The Mission


The Mission

The Mission
(1986)

Starring: Robert De Niro, Jeremy Irons
Director: Roland Joffé
Format: Color, Closed-captioned, Widescreen, Dolby
Rated: PG13
Studio: Warner Home Video
DVD Release Date: May 13, 2003
Run Time: 125


Robert De Niro is Rodrigo Mendoza, a wealthy adventurer who makes a fortune as a mid-eighteenth-century slave trader, capturing Guarani Indians in Paraguay and selling them for a huge profit to the local governor. Mendoza’s life takes a turn for the worse, however, when he learns that the woman he loves, Carlotta (Cherie Lunghi), has fallen in love with his younger brother, Felipe (Aidan Quinn). And when he discovers them in bed together, he loses control and kills his brother in a swordfight. Afterwards, however, Mendoza is consumed with extreme guilt and he becomes a Jesuit postulant after meeting Father Gabriel (Jeremy Irons). But Father Gabriel, who has always cared for the natives and resented the slave traders, is at first unsure if Mendoza’s desire to do penance and achieve redemption is sincere. Mendoza finally completes his penance after suffering many hardships, and he helps Gabriel teach the Indians about Christianity. As the years pass, Mendoza and Gabriel become close if somewhat wary companions, running the isolated mission above Iguacu Falls together while allowing each other plenty of personal space.

Everything changes, though, when in 1750 Spain and Portugal sign the Treaty of Madrid, which redefines their territorial borders in the Americas. The end result of the treaty is that Spain (which has forsaken slavery) delivers the Indian land to Portugal (where slavery remains legal). To avoid the Jesuit order being expelled from Portugal, all Jesuit missions in South America are ordered closed by the Pope, which means the Indians living there will be abandoned to the slave traders. The Guarani Indians are determined to stay and fight for the mission they’ve come to love, and this deeply troubles Mendoza. Despite his Jesuit vow of practicing nonviolence, he knows that with his past fighting skills as a mercenary he’s the only one who can teach the Guaranis to defend themselves. Gabriel also stays, but for a different reason. The end result of the inevitable battle is predictable but nevertheless is devastating to watch.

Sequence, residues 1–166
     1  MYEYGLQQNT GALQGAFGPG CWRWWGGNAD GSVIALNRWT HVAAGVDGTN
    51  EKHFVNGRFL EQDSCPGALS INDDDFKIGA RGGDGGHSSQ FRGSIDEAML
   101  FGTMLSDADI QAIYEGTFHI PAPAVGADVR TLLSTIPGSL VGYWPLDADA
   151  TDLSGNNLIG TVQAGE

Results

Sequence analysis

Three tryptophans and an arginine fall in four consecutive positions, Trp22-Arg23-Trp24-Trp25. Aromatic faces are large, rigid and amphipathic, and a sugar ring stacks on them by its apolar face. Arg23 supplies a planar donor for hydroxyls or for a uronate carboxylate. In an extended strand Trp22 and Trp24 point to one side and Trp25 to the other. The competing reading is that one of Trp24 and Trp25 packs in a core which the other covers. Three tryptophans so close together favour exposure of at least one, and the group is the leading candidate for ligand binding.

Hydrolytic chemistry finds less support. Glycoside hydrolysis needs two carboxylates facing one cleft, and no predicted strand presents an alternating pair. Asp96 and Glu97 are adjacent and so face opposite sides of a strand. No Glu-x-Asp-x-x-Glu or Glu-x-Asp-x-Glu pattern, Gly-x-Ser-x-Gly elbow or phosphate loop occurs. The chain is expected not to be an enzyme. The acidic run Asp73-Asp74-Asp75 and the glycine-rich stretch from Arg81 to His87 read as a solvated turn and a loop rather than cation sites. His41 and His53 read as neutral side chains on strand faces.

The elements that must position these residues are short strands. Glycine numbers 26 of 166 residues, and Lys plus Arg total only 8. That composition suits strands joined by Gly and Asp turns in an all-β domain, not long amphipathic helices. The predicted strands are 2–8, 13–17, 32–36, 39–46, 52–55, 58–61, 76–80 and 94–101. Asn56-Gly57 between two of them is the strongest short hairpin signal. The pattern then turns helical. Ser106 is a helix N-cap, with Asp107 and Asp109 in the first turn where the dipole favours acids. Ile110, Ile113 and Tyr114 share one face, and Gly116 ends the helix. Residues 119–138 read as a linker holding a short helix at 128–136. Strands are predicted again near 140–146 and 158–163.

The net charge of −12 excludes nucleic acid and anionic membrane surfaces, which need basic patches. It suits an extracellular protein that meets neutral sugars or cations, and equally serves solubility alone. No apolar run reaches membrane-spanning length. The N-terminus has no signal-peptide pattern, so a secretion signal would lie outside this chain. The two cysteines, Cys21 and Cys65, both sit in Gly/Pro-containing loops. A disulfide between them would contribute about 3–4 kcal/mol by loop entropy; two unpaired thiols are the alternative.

“The Mission” is without a doubt one of the most breathtaking masterpieces I’ve ever seen. It is simply stunning, both in a visual and spiritual way that few films can achieve. Robert De Niro, although boldy cast against type, gave one of his finest performances and certainly deserved an oscar. Jeremy Irons was also outstanding, and the supporting cast (including Aidan Quinn and Liam Neeson) was wonderful. The scenery was incredible, as was the cinematography. And who can forget the beautiful music by one of the greatest composers of all time, Ennio Morricone? In short, to call this one of the greatest movies of all time is an understatement. The DVD has an awesome picture and sound quality that even improve the viewing experience, and the in-depth making-of documentary was very informative and entertaining. If you enjoy watching movies at all, then do yourself a favor and add this treasure to your collection!


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